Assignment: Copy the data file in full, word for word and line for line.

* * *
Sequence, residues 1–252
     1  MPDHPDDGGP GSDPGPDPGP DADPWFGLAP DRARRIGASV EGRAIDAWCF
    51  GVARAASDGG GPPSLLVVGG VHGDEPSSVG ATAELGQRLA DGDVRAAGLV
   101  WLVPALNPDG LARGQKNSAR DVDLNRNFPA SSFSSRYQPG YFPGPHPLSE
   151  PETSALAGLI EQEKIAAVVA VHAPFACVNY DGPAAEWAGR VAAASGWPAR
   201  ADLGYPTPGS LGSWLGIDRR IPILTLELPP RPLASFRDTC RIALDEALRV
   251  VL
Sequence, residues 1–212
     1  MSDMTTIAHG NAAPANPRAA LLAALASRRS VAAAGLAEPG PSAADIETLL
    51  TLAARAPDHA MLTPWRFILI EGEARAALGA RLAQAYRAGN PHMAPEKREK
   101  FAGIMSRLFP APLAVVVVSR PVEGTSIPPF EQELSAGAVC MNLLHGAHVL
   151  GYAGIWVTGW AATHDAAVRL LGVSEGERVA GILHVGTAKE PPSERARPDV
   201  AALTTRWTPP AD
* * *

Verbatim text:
Sequence, residues 1–252
     1  MPDHPDDGGP GSDPGPDPGP DADPWFGLAP DRARRIGASV EGRAIDAWCF
    51  GVARAASDGG GPPSLLVVGG VHGDEPSSVG ATAELGQRLA DGDVRAAGLV
   101  WLVPALNPDG LARGQKNSAR DVDLNRNFPA SSFSSRYQPG YFPGPHPLSE
   151  PETSALAGLI EQEKIAAVVA VHAPFACVNY DGPAAEWAGR VAAASGWPAR
   201  ADLGYPTPGS LGSWLGIDRR IPILTLELPP RPLASFRDTC RIALDEALRV
   251  VL
Sequence, residues 1–212
     1  MSDMTTIAHG NAAPANPRAA LLAALASRRS VAAAGLAEPG PSAADIETLL
    51  TLAARAPDHA MLTPWRFILI EGEARAALGA RLAQAYRAGN PHMAPEKREK
   101  FAGIMSRLFP APLAVVVVSR PVEGTSIPPF EQELSAGAVC MNLLHGAHVL
   151  GYAGIWVTGW AATHDAAVRL LGVSEGERVA GILHVGTAKE PPSERARPDV
   201  AALTTRWTPP AD